The Department of Health and Human Services said Wednesday it was the source of initial sexual abuse reports provided to Inspector General of Child Welfare Julie Rogers, and it responded to all additional requests for information, and actively participated in meetings to provide feedback and interpretation of data and policies for the report, according to HHS spokeswoman Jennifer Brantley.

The department assesses risk of harm each time an intake is received, and has plans to reinforce current protocol, said Matt Wallen, HHS division of children and family services director.

When the child abuse hotline receives a report of abuse and/or neglect, including a report of suspected sexual abuse, a comprehensive review of the allegation is completed using the structured decision-making model created by the National Council on Crime and Delinquency, Wallen said.

Structured decision making is used to assess risk and safety for children. HHS investigates cases where abuse is related to a caregiver, Wallen said. If abuse or neglect is suspected by someone other than the caregiver, the report is referred to law enforcement.

Child Advocacy Centers across the state, whose staff have training and expertise specific to sexual abuse, receive notice of every sexual abuse report and can contact the hotline or law enforcement to recommend and discuss the cases.

Rogers' report, released Wednesday, said the child welfare workforce could better prevent or respond to sexual abuse. Wallen said all members of the child welfare team have rigorous sexual abuse training. This year's Child and Family Services Review lauded the department's workforce training program, he said.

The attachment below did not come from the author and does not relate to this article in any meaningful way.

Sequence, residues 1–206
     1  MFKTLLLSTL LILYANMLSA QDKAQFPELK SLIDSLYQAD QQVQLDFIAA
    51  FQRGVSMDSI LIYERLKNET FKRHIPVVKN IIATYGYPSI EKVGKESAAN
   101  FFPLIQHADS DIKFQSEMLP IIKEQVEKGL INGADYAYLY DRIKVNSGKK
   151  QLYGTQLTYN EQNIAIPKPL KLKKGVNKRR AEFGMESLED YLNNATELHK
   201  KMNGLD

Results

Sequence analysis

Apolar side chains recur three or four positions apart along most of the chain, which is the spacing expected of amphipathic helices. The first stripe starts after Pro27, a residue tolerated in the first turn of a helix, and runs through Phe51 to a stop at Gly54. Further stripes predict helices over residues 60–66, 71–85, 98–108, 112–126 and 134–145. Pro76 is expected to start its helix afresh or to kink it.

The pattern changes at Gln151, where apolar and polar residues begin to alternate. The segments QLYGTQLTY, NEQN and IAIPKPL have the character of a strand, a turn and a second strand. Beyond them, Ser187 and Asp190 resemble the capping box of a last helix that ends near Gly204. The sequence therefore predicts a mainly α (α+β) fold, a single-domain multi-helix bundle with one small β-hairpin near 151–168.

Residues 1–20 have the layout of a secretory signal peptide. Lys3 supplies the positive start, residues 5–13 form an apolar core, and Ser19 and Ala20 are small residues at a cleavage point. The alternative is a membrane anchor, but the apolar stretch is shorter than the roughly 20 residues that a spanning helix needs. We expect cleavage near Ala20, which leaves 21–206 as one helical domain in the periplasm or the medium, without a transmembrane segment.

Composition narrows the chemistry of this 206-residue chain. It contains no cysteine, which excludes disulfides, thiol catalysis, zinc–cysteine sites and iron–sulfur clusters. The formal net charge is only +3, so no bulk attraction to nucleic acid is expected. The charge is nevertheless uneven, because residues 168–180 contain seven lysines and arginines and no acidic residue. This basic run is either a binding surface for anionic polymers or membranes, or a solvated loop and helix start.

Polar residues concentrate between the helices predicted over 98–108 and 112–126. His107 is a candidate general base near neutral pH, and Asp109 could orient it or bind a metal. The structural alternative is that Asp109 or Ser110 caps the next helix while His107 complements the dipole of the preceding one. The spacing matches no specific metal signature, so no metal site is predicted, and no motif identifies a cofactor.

HHS has been selected one of eight sites to partner with the Quality Improvement Center for Workforce Development and is working to strengthen its workforce and support the children and family services team in the field, Wallen said. It works closely with the University of Nebraska-Lincoln Center for Children, Families and the Law to provide education to child welfare workers.

"The passion, commitment and dedication of our case management team to protect children and preserve families is one of the best in the nation and does a remarkable job at fulfilling those objectives -- protecting children and preserving families," Wallen said.

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The inspector general highlighted that foster homes and residential facilities were not equipped to prevent sexual abuse, and called for improvement of oversight and standards for home placements.

Additional staff training that is planned, and development of policies to address the timeliness of investigations and preparation of final reports, will result in improvement in this area, Wallen said.

The department provides extensive information on sexual abuse and other types of abuse in foster and adoptive parent training, he said, and has met all requirements to inspect, license, and investigate the 29 licensed child caring agencies in Nebraska. 

These efforts include the successful implementation of various initiatives specifically designed to better serve the children in DHHS’ care, and address any concerns regarding workforce turnover, he said.

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State government reporter

JoAnne Young covers state government, including the Legislature and state agencies, and the people they serve.

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